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    I disagree. Your PI is not your family member. They may not even be your friend. You owe them no help they do not pay you for. It does not matter one bit how tough it is for the PI to get funding. You can always ask for more pay. Your PI can always say no. The answer says they have never seen a postdoc paid more than the standard amount, but how many postdocs have been promoted to research assistant professor so they can get paid more? I know that happens. And how many times have requests for pay raises lead to a change in the standard pay? – Anonymous Physicist Dec 10 '18 at 9:39
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    A promotion is not related to receiving an F32, as an F32 is for postdocs. And my point is not that you can't ask, it's just that postdoc salaries are not as individually determined as people think. The question as phrased implied that the PI has the money therefore can afford it. If you want to negotiate for more money though, my advice is to use a strategy that doesn't assume they are rich. Focus more on why you are worth the extra money and they should want to afford it, knowing that the ask costs them more than just cash. I find compassion and thoughtfulness go a long way. – yourfriendlyresearchadmin Dec 10 '18 at 13:46
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    For what it's worth, I upvoted both current answers to this question. I agree with StrongBad that OP definitely should ask for a raise, but sometimes it may just not be in the cards (and OP should be aware that simply getting a grant does not necessitate a raise, just like completing a successful project in industry does not automatically mean that one is entitled to a higher salary). – xLeitix Dec 10 '18 at 15:59
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    The point of an F32 is that the postdoc is devoted to their own project. It creates a protected space for the postdoc with no additional expectations. This is why it's uncommon for PIs to supplement postdocs working on their own project--they aren't necessarily contributing to the PI's projects. If a postdoc felt that their own work was particularly beneficial to the PI, that might be an argument for a raise. However, as presented, once you factor in fringe, I don't know how I would recommend the PI spend $58k in their discretionary funds for someone who is not working on the PI's grants. – yourfriendlyresearchadmin Dec 10 '18 at 23:59
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In contrast to this answer I can tell you that supervisors can and do supplement the salaries of postdocs funded by an F32. My F32 was years ago and I don't remember the exact amount of additional funding I was provided, by my guess was it was close to 15k a year. I was earning more than the other two postdocs in the lab who were R01 funded and other F32 funded postdocs in the department. I believe I was the highest paid "postdoc" in the department, although determining who is/isn't a post doc is non-trivial.

For me, it was a relatively easy subject to broach. I had been working in the lab for 6 months prior to getting the F32 award letter and was being paid more the the NIH scale. Sometime soon after the letter, but before I even knew what was up, the department grants person sent an email to my supervisor and me saying that we had to make a decision about my salary. My supervisor suggested that if I was willing to devote some of my time to other lab projects, she could pay me more.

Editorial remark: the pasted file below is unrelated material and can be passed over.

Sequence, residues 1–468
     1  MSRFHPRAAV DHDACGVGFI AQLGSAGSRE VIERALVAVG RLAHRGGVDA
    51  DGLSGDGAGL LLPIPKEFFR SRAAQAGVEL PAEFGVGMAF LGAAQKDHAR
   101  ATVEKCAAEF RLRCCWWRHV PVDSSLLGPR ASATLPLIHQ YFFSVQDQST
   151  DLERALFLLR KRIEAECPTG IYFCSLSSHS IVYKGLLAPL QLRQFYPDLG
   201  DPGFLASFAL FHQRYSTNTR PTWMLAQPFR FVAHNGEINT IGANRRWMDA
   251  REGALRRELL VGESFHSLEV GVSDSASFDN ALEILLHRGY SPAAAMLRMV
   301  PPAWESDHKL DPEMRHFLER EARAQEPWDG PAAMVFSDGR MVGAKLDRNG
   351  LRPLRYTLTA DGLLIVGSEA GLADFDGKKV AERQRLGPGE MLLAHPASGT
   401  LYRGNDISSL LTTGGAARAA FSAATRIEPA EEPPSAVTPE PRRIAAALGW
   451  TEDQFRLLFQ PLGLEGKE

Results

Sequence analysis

I think the NIH limited my outside commitment to 20% of my time. She had a pot of about 15k a year of non-federal funds (essentially the only money she has to supplement my salary). This meant my outside commitment of 20% was paid at about 75k a year which was close to the max we could justify with the department grant administrator. So I got all of the available money and was more than happy and didn't really have to say anything. She also agreed to cover all my consumables and travel from her federal funds since the work of the two projects was related closely enough.

I think it is only right that I ask my boss for more money on top.

Sure you can ask, but the non-federal grant probably has work that needs to be done and paying someone from that pot of money not to do that work is illegal. Even if there is overlap between the research, you cannot double dip. You would have to agree to do extra work for that grant specifically.

Startup funds are another story and do not generally have any/many restrictions. As for the likelihood of the PI supplementing your pay, all you can do is ask. You might be better off asking for an increased travel budget or money for consumables (the F32 does not provide much in terms of non-salary support).

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    This is a good answer because it touches on the restrictions that are placed on many funds. The money may "belong" to the professor, but there are generally serious constraints on what they can do with them. It can happen that with the best will in the world the professor could not legally use money that would otherwise not be spent to supplement a post-doc's salary. – iayork Dec 10 '18 at 16:06
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    Your answer is confusing from a research administration perspective. Stipend fellowships and salaries are not the same thing. This is why you were limited to low effort on other projects (it's actually 25% in ADDITION to your F32, i.e. 10 hrs). What you received was not a supplement. A supplement is when you get additional funds for no extra work. Additional compensation is subject to regulations and should be tracked--if it ends up on a federal grant, it would be subject to effort reporting, because it is salary and not stipend. You can read the policy in the grants policy statement. – yourfriendlyresearchadmin Dec 10 '18 at 23:51
  • Hello everyone, Thanks for the comments. I asked my boss for a pay increase, and she definitely is willing to give me more. She did smile when I asked. She laughed when I asked for $15,000, and then said when she got her fellowship she did not get a dime. (Did she ask? I am guessing not.) She said she thinks she can definitely get me retirement benefits, which is better than nothing, but I am going to insist she gives me $10,000 more per year, because that is only about $3000 above how much retirement benefits would cost her. She said she would talk to other faculty. – jrod212 Dec 11 '18 at 14:44